The issues and references in films like The Campaign reflect their times, but Hollywood's vision of Washington, D.C. has remained remarkably consistent over the decades.
The Campaign, the Will Ferrell/Zach Galifianakis political comedy that hits theaters this weekend, features a pivotal scene in which one of the "Motch" brothers (played by John Lithgow) delivers the film's take on contemporary American politics: "When you've got the money, nothing is unpredictable." The same could be said of the film's approach to comedy. On the surface, The Campaign is a wacky, mass-market studio film starring two of America's most successful comic actors. But it also manages to be a bleak indictment of the American political system, as summed up in the film's epigrammatic Ross Perot quote: "War has rules, mud wrestling has rules... Politics has no rules."
Anyone with an even passing knowledge of contemporary American politics will nod in recognition at the film's many targets: the dimwitted, pliable candidates, the sheep-like electorate, and the shady consortium of political-activist businessmen who aim to "double their already doubled profits" at the expense of their fellows Americans. The Campaign has already been praised as a uniquely contemporary satire on American politics. But in the end, the most surprising thing about the film's insights is how unsurprising they are. Hollywood has been leveling similar critiques at the American political system for the better part of a century—and The Campaign's attacks on ennui and corruption put it in very good company.
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The film industry has long held a fascination with the lives of actual politicians, with recent examples including movies based on people like Richard Nixon, Harvey Milk, and Abraham Lincoln (vampire hunter). But with rare exceptions—like Oliver Stone's W.—films about real-life politicians all have one thing in common: They arrive in theaters long after the political career of their central protagonist has ended.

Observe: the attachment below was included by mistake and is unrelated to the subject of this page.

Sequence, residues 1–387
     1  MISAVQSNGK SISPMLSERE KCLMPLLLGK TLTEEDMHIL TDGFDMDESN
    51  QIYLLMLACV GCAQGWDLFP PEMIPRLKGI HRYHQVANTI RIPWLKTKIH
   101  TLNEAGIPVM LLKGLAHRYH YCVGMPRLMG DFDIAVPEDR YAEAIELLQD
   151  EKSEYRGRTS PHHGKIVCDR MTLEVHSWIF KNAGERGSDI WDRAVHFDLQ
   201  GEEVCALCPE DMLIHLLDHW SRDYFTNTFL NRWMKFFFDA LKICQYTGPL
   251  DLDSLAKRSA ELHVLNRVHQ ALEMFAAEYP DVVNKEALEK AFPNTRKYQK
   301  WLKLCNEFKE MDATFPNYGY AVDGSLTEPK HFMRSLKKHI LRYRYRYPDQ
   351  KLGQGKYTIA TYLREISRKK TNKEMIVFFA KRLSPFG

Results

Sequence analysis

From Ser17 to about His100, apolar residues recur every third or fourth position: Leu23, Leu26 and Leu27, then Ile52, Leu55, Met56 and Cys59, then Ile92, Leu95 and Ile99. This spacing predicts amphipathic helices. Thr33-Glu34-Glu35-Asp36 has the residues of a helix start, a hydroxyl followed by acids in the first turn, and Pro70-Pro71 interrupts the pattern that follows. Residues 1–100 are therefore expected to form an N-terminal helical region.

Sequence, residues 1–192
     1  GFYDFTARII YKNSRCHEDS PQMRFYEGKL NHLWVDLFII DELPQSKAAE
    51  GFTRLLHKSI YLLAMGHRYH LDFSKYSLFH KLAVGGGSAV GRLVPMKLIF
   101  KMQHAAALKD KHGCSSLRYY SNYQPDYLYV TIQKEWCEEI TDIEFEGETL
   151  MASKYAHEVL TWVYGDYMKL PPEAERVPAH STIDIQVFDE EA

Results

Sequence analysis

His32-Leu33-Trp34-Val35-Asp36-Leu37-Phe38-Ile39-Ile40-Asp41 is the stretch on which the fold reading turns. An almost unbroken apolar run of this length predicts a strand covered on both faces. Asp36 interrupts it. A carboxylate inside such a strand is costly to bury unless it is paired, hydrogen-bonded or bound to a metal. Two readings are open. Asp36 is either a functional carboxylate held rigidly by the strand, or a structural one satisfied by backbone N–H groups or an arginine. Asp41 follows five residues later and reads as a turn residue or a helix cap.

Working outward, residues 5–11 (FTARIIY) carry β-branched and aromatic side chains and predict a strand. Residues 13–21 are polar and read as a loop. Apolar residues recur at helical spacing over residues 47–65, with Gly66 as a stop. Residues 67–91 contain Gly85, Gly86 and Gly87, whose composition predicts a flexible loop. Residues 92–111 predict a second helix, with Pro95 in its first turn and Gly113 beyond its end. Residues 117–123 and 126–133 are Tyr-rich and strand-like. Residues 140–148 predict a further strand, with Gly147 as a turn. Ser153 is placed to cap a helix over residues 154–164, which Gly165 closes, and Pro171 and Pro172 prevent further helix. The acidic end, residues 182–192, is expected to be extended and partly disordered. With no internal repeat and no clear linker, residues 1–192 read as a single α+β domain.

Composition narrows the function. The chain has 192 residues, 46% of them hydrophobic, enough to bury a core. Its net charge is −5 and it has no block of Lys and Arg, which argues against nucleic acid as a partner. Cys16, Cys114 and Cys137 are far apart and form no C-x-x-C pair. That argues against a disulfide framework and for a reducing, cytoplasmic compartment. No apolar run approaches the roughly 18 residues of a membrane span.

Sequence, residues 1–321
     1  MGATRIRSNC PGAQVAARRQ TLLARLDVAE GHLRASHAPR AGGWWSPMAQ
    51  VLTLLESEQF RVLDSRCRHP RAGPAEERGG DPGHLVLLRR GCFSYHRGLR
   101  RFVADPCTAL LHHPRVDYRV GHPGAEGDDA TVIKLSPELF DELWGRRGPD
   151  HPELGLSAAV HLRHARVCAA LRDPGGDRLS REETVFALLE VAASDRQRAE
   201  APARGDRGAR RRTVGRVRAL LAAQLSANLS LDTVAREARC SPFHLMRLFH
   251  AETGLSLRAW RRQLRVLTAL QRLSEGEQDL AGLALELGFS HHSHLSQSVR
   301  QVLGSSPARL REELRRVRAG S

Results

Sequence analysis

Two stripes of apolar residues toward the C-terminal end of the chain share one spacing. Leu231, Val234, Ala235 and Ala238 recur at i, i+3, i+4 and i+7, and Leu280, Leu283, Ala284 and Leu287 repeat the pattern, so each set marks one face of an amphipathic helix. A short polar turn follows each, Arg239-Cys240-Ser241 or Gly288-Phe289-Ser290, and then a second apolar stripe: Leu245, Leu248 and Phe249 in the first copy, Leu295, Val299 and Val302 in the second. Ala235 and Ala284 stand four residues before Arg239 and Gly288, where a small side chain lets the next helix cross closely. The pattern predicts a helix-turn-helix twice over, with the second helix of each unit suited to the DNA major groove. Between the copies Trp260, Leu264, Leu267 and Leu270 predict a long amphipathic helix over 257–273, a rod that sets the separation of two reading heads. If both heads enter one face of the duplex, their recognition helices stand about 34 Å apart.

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It is, paradoxically, films like The Campaign, which center on fictional politicians, that offer insight into the eras in which they were released. The political skepticism that followed the Great Depression led to movies like Gabriel Over the White House and Mr. Smith Goes to Washington. Three separate films from the early 1960s—The Manchurian Candidate, Dr. Strangelove, and Seven Days in May—channeled America's fear of communism. And post-Watergate America has seen the release of comedies like Bob Roberts, Dave, and Man of the Year—which posit that only untainted, non-politicos can overcome the corruption of Washington, D.C.—and satires like Wag the Dog and In the Loop, which portray politicians as petty, self-absorbed, and corrupt. Each of these films is a time capsule for the political issues and concerns of its era.
But the wide range of political films offers more than a simple overview politics at the time of their release; they offer insight into how little American politics has changed. In fact, the most surprising thing about the earliest American political films is how much their satire still feels relevant today. 1932's The Dark Horse features an unqualified candidate coached by his campaign manager to respond to every difficult question by saying, "Yes... but then again, no." 1948's Frank Capra-directed State of the Union centers on an unlikely presidential candidate whose campaign is buoyed by a biased newspaper and a series of backroom deals. And 1949's All the King's Men chronicles an idealistic candidate's path to compromise, and eventually to corruption. It's telling that both All the King's Men and The Manchurian Candidate saw remakes decades after the original films were released; their themes remained resonant enough for a Hollywood studio to deem them worth revisiting.
There are shades of pretty much every film about American politics in The Campaign. For all its pointed references to Super PACs and Goldman Sachs, the movie's insights can best be summed up by the catchphrase of the politician played by Zach Galifianakis: "It's a mess." It's the rallying cry that Hollywood has been offering for decades—and the rallying cry that decades of audiences have found themselves agreeing with.
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